WASP Introduces Latest PEEK 3D Printer, the Delta WASP 4070 TECH


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At formnext 2019, Italian company WASP (World’s Advanced Saving Project) introduced its Delta WASP 2040 TECH system, which can 3D print PEEK (polyetheretherketone) pellets. Now, the next printer in this line has been revealed: the new large-scale Delta WASP 4070 TECH, designed specifically to print technopolymers and featuring a high-temperature build chamber that can reach up to 300°C. WASP refers to the system as its “new technical jewel,” and it’s not hard to figure out why.

Part of the PAEK, or polyaryletherketone, family of plastics, PEEK is a strong, high-performance thermoplastic with low flame smoke and toxicity, and great to use for industrial applications. It’s made of molecules that are both chemical and temperature resistant, and has many high technical characteristics that make it a good choice for the aerospace, automotive, oil and gas, and medical industries, to name a few. However, it isn’t always the easiest material with which to work. That’s why WASP has also started its own PEEK 3D printing service, where its experts will help clients optimize their files for PEEK 3D printing based on the specific application for which they need it.

“Why choosing a technopolymer and what are the benefits? Are they really necessary for your applications? We offer a 3D printing service for companies and professionals interested in discovering possible
opportunities with PEEK, using our TECH line,” WASP states on its website.

“All the expenses incurred in the process of 3D printing service will be later deducted from the overall list price of our Delta WASP 4070 TECH.”

That’s a pretty good incentive, if you ask me.

WASP spent several months developing the new Delta WASP 4070 TECH for large-scale, high-performance 3D printing, and it’s got some pretty cool features to show for all the hard work, which are, according to the company’s press release, “supported by the precise and reliable delta kinematics.” The first of these is a new water-cooled extruder, which can print thermoplastic filaments, like PEEK, up to 500°C. When paired with WASP’s proprietary FIRECAP system, which heats the build chamber up to 300°C, you should be able to achieve prints that have a stress-free internal structure; additionally, WASP says users won’t have to worry about uneven crystallization and delamination on their large-scale parts.

Another nice feature of the Delta WASP 4070 TECH is an onboard camera, which allows users to create time-lapse videos of print jobs and supervise the print process remotely.  The 3D printer’s WiFi connection also allows users to operate the system remotely, and obtain remote support from company technicians if they need any help.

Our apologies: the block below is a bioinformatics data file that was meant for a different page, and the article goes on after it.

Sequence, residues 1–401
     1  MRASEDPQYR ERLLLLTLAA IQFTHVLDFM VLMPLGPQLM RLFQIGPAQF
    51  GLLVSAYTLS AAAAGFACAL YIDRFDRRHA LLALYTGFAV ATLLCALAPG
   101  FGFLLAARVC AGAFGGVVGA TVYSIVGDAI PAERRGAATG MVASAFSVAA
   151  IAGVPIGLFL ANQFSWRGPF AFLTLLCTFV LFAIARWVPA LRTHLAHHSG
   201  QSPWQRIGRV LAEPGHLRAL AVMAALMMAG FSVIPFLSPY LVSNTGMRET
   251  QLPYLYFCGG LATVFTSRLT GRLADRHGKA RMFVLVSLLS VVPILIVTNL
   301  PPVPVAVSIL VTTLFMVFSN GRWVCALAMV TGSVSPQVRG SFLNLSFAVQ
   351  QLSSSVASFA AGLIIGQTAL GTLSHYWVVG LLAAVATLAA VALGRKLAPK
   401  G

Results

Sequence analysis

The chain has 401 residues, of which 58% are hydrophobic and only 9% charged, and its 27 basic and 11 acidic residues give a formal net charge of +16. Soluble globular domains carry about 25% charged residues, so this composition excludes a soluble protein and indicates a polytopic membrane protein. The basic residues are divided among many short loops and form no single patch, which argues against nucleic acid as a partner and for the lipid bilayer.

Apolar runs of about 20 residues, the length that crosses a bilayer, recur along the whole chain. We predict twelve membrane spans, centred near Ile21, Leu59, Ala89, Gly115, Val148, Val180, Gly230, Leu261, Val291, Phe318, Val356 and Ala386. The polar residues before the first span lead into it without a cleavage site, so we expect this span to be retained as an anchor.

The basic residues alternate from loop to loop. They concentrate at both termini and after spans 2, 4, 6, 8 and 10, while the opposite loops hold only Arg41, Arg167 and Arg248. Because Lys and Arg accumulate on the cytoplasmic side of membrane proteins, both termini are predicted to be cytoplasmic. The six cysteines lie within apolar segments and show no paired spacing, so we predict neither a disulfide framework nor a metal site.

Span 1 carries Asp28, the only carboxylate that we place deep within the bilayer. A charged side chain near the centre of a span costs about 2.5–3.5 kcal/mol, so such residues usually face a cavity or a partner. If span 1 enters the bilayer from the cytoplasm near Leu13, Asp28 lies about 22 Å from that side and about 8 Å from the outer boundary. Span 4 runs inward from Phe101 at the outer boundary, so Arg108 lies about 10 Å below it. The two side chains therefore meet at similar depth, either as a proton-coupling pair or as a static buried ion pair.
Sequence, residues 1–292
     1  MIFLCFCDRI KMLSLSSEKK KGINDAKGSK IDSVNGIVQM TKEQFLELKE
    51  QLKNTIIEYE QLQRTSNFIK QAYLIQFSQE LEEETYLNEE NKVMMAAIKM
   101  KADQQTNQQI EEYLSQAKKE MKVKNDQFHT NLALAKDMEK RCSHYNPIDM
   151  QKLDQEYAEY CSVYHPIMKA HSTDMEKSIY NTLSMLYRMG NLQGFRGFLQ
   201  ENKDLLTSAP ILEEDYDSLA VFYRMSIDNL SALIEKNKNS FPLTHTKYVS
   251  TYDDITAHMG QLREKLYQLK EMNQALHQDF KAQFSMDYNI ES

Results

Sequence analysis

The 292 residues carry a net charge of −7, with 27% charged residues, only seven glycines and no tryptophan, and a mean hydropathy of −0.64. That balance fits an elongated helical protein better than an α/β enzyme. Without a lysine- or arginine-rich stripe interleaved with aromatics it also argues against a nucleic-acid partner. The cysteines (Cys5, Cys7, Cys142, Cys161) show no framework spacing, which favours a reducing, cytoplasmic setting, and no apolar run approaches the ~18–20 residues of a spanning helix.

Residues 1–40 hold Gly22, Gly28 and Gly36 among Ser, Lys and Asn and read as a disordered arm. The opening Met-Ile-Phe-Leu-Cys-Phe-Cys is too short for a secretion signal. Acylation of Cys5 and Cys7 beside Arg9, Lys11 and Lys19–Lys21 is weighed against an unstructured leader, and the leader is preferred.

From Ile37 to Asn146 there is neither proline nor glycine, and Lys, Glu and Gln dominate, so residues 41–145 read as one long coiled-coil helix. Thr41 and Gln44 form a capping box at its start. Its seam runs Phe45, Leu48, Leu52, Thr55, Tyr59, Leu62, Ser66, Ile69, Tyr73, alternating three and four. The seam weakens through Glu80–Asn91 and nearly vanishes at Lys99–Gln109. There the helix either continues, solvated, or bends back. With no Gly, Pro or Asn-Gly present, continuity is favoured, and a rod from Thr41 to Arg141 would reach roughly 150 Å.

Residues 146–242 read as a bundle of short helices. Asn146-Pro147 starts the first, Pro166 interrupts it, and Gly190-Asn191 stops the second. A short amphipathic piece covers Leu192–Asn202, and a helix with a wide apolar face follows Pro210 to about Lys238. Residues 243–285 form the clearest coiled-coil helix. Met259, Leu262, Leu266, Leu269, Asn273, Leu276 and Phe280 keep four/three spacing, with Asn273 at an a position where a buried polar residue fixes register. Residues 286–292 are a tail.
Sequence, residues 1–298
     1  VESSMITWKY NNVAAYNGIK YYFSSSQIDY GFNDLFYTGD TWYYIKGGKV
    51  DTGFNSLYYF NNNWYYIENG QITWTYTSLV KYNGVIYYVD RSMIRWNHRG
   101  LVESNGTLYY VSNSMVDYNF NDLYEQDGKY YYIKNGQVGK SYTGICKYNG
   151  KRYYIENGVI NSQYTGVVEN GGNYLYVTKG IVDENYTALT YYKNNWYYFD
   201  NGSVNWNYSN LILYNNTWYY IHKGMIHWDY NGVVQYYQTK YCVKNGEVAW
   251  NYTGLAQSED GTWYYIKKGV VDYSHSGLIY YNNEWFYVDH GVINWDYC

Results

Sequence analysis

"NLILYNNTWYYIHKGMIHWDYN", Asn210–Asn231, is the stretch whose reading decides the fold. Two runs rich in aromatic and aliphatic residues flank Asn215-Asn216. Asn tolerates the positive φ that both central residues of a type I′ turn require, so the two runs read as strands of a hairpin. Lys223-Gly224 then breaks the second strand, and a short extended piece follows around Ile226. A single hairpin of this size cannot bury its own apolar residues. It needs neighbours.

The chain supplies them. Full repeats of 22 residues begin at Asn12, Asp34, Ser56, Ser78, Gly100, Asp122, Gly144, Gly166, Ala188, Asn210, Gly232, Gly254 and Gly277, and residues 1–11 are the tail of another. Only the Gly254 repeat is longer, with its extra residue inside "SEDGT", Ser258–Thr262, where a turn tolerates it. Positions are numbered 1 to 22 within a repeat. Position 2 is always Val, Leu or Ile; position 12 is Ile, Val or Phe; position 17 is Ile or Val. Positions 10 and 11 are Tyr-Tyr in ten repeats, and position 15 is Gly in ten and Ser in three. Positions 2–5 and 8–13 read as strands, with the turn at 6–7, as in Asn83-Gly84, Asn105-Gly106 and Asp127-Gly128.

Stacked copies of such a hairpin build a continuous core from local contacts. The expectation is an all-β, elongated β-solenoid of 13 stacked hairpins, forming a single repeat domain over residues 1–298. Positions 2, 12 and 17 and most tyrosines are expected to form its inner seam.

The new Delta WASP 4070 TECH system also features a proprietary inline drying system. Its active temperature control leads filament to the extruder directly from the spool, and dehumidifies it at the same time, which helps ensure better mechanical properties and surface quality for your prints. Additionally, a controlled vacuum system supports interchangeable build plates made of different materials, which helps improve adhesion, part removal, and “guarantees optimal grip.” A new mesh auto calibration, with smart bed leveling at multiple points on the build surface, helps the first print layer adhere strongly to the bed.

WASP also included several new firmware features, such as automatic analysis and error check of gCode, an auto-check system that performs self-diagnostics of print functionalities, and a Continuous Print feature, where the second filament extruder can take over to complete the print if the first one ends up empty.

The company has previously referred to PEEK as a “super polymer,” which is a fitting moniker for the high-performance material. SmarTech Analysis believes that in 2020, polymer 3D printing will generate as much as $11.7 billion, which includes sales generated by polymer AM hardware, like the new Delta WASP 4070 TECH.

“The last two years saw the fulfillment of many promises in the industrialization of polymer additive manufacturing, as well as many challenges still left to face for the industry. Technologies continue to move forward in various ways—especially in terms of end-to-end workflow automation and optimization. Some of the most significant progress and accomplishments in polymer additive manufacturing markets have been registered in material science and development/optimization of new materials for current technologies,” the SmarTech report continues.

A part made from Solvay’s carbon fiber-loaded PEEK material, KetaSpire AM FILAMENT CF10 LS1.

A lot of these sales will likely come from more costly industrial polymer 3D printers developed by big companies like Stratasys. But if you’re interested in 3D printing with PEEK for a little less money, fear not—in addition to WASP, there are several other companies, such as Tractus3D, Roboze, Minifactory, Kumovis, Intamsys, 3DGence, and more, that have joined the trend of providing high-temperature systems at a lower price tag.

(Source/Images: WASP)

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